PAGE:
My God- a point of agreement. If you recall your history, the Viking unmanned landing missions were, in fact, planned with the ultimate redundancy- a second spacecraft- on purpose in planning (as was Voyager and more recently, Spirit & Opportunity based on the airbag success of the tiny Sojourner). Sending two spacecraft, anticipating a bad day w/at least one– for instance, alighting on a boulder-with a second as a back up- was smart planning and as luck would have it, they got two safe landings and a plethora of data. An integrated manned Mars expedition will really have to involve mission planners developing a ‘Cadillac profile’ where at least two separate, crewed spacecraft are launched out as a level of redundancy with a third if not fourth unmanned package previously launched and landed, beacheading a Martian site w/supplies- even a sophisticated ‘ER’ for medical emergencies. They can’t really take all this on a single spacecraft. A ‘one-off’ akin to the short stay Apollos is simply not pragmatic given the distances involved, let alone the 20 minute comunications lag, along w/t necessity for long term supply and medical needs. The expedition is going to have to be more or less autonomous and self-reliant than anything experienced in HSF to date. Which is why developing the hardware and confidence there in along w/methods, procedures and operations in cislunar space (akin to what Gemini did for Apollo ops) and testing/developing long-stay facilities/ops on the extremes of the lunar surface- including developing a space ‘ER’ of sorts- with a three day return, is a logical path to develop confidence for preparation and a precursor for crewed spaceflight out on a Martian expedition. This is what Kraft et al proposed.as a ‘HSF program’ for the next 40 years or so. And it is the way it will happen– if Mars is even deemed worth the trip. A one-off crewed Mars flight today is a virtual suicide mission at this point. But the reality is at this point, the robots increasingly have the edge– and are making a better case that a crewed Mars expedition would be a waste of resources in this era. Assuming the ‘Rube-Goldberg-styled’ descent sequence for Curiosity is a success in August, landing increasingly sophisticated rovers on Mars to do on the spot analysis is a much more cost-effective method to gather knowledge- and eventually samples for return- than sending crews out in this era. The wise investment in the Age of Austerity may be to ‘bring Mars to Earthmen’ rather than sending ‘Earthmen to Mars.’ Anf golly-gee, we can watch it all on our Chinese-made, flat-screen TVs.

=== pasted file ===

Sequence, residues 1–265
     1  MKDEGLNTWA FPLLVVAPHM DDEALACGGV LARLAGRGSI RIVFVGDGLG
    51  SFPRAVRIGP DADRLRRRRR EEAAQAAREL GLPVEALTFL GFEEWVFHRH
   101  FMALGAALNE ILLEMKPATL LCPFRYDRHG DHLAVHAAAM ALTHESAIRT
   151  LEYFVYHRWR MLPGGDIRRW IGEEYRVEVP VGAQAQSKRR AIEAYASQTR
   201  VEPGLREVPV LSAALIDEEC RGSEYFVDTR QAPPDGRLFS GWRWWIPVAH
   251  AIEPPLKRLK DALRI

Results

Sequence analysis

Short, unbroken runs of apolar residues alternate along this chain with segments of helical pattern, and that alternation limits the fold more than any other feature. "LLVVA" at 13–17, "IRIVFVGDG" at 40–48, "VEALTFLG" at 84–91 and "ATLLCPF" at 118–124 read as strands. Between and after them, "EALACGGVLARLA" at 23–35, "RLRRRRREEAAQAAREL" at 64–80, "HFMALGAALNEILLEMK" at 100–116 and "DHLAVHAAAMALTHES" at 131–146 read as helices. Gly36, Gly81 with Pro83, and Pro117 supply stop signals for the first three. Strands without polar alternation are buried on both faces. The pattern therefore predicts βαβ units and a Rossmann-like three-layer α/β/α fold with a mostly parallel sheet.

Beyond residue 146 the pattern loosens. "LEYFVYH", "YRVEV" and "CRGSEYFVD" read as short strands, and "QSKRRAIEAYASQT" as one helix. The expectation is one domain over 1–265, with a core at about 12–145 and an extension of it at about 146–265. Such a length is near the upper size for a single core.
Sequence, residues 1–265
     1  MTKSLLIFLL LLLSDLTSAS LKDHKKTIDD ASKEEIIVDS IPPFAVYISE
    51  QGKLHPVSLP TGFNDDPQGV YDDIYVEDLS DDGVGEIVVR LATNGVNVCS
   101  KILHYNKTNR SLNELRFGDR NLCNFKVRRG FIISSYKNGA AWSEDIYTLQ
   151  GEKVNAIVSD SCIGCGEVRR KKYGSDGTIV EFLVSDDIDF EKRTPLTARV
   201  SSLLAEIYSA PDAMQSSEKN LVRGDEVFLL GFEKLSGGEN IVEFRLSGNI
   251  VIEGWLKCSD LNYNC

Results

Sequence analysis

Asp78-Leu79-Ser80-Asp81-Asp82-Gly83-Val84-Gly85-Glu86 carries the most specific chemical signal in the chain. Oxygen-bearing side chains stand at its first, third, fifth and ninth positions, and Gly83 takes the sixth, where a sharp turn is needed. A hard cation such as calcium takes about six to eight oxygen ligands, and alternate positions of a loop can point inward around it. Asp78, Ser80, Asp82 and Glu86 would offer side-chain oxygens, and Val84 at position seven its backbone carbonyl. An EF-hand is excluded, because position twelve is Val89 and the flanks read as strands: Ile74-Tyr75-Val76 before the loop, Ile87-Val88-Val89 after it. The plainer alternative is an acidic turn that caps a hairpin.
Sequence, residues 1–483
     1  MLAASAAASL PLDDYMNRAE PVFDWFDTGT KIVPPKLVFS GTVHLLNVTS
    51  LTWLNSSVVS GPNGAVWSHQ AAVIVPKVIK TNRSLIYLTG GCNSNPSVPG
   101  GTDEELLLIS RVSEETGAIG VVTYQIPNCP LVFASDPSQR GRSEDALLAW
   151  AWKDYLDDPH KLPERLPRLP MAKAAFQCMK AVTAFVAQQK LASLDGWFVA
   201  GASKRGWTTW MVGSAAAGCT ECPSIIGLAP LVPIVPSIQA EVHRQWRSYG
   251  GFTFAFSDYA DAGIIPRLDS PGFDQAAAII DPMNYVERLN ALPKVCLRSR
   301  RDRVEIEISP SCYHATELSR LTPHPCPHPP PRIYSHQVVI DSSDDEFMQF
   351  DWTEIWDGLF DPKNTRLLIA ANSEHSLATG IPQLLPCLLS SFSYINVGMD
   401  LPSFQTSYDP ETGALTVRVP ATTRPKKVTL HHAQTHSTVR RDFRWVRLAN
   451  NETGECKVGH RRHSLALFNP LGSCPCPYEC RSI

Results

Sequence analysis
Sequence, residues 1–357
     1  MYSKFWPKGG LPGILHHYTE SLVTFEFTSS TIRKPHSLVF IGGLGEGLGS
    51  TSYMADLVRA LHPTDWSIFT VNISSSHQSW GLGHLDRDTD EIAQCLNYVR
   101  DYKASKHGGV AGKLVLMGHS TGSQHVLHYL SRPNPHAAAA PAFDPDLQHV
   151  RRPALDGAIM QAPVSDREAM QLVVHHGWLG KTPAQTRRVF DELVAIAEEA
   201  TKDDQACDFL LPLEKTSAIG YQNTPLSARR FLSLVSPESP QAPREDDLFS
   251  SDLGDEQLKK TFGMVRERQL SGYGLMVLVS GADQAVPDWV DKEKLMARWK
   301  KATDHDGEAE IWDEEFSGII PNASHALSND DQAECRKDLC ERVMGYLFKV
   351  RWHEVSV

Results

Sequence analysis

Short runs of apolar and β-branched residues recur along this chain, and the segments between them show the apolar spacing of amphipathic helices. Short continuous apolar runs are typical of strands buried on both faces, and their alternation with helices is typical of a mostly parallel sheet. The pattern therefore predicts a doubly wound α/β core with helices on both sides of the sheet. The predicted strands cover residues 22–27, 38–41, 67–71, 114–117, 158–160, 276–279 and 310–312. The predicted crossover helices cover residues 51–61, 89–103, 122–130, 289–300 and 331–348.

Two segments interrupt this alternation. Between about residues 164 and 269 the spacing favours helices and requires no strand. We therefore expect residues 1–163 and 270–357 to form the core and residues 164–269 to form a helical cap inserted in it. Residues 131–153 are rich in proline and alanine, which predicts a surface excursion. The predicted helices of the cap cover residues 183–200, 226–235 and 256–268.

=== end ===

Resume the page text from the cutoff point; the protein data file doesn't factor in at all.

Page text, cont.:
• Robert G. Oler

    common sense wrote @ June 27th, 2012 at 11:52 am